Reveal day was big. It was like going to the fair - hot dogs, popcorn, ice cream soft drinks and swag, lots of swag - brochures, pictures, a model car if you had your dad along and he pretended to be interested in buying. If he was pretending to be interested at the Dodge dealer you might even score a Rally Team windbreaker or a plastic cowboy hat. I still have a 45 RPM record that was part of a Chevy promotion in the 1960s. It's a gentle love song about a Camaro. The flip side is a rocker about the SS 396. Boy, they don't write them like that anymore.

Yep. TV shows and cars. People knew how to roll ‘em out. But that's all changed. The new cars come out when they come out. Or if. And while fall is still the traditional start of the TV season, it just sort of arrives in dribs and drabs.

It seems we've lost our sense of fanfare. Although I guess it would be kind of waste nowadays, when the shows and the cars all seem so much alike.

I think I'll go watch some reruns.
Tue, September 29, 2009 | link 

Tuesday, September 22, 2009

Plug In, Crank It Up, And Pretend

Among the things I just don't get - and that's a list that grows every day - is video game rock stardom.

It's been kind of difficult to avoid lately, what with the release of The Beatles Rock Band game, the one where you get to play along with John, Paul, George and My Close Personal Friend Ringo* at various stages of The Beatles' career.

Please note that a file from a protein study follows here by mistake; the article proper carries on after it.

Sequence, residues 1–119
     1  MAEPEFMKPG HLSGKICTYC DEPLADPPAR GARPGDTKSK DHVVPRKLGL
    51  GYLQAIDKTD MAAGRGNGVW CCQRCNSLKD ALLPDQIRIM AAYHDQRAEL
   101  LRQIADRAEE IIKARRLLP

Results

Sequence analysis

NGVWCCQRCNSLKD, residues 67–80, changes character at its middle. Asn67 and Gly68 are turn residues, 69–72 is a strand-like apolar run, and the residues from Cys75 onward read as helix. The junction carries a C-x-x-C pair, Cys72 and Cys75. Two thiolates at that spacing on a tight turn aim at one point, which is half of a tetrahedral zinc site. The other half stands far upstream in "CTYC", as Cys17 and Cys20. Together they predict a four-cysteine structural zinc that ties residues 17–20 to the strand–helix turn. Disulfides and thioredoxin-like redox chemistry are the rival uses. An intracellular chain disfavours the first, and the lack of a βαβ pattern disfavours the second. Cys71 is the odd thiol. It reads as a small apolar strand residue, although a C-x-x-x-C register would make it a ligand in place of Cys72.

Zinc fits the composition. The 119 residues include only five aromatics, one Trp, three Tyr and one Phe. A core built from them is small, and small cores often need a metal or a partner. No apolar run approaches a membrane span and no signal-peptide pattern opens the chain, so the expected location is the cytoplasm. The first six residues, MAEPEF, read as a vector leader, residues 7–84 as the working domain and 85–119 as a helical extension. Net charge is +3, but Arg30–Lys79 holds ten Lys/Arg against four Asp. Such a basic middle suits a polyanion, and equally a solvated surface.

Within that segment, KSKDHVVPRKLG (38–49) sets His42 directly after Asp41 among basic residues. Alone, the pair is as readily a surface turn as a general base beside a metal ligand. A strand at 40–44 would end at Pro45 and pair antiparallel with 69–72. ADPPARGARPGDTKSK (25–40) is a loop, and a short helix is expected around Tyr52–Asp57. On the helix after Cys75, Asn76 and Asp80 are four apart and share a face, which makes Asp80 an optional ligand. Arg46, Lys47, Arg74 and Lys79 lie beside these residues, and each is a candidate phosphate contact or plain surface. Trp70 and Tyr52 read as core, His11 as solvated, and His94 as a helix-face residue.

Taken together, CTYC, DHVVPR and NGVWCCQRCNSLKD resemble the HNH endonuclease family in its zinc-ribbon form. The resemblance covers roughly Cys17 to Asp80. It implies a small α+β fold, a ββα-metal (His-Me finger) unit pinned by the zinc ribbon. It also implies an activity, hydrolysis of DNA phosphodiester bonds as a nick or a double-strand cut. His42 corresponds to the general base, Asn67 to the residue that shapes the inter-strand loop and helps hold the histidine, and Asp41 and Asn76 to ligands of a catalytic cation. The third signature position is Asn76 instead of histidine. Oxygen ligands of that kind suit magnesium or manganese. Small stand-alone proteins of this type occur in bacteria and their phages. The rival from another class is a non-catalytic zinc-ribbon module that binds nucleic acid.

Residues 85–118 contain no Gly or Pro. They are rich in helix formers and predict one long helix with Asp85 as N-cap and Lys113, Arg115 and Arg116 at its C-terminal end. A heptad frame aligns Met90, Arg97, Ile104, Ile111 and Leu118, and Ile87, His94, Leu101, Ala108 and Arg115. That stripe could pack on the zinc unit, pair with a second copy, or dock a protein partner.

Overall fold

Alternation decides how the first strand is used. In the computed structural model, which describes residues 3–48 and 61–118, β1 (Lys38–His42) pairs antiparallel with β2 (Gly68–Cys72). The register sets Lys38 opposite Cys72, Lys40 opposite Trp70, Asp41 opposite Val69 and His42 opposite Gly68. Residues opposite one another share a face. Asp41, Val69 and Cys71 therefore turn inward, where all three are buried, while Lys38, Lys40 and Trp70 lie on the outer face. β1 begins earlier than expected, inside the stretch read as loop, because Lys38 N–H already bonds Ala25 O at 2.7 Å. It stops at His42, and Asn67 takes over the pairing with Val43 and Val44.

(*Not really. That's a joke from my music critic days. Ringo called me to do an interview. I answered the phone and he said, "Hello, Mike. This is Ringo." "Ringo who?" said I.  He didn't think it was funny.)

Now that I think about, I really don't get video games, period. That doesn't mean I disapprove. If, for example, my brother -- who lives in Pennsylvania now, having worn out his welcome in Indiana, Michigan and Ohio - chooses to spend his entire visit to his  home state by camping in our sister's basement to play Let's Pretend To Be Soldiers And Shoot Each Other, that's his choice. It's just not something I would choose for myself, seeing as how I have a life, and how I stopped playing Army a long time ago.

But back to this rock band thing. It's fun to pretend to be a Beatle - I did my share of it as a kid - but I find myself agreeing with Bill Wyman, former bass player for The Rolling Stones, and Nick Mason, drummer for Pink Floyd, who expressed some concern about Rock Band in an interview with the BBC:

"It encourages kids not to learn, that's the trouble," said Wyman. "It makes less and less people dedicated to really get down and learn an instrument. I think is a pity so I'm not really keen on that kind of stuff."

Added Mason: "It irritates me having watched my kids do it - if they spent as much time practicing the guitar as learning how to press the buttons they'd be damn good by now."

Not to pick on my brother - well, actually, I am, but as I said, he's in Pennsylvania, so it's not like he can do much to stop me - this is like when P.D. got all whacked out about a computer flight simulator. Played it night and day. He worked his way up from flying small personal aircraft to piloting jumbo jets - on the computer. But when I'd ask him why he didn't take this diligence and apply it to real flying lessons, he shrugged his shoulders and mumbled, which is P.D. for "I dunno."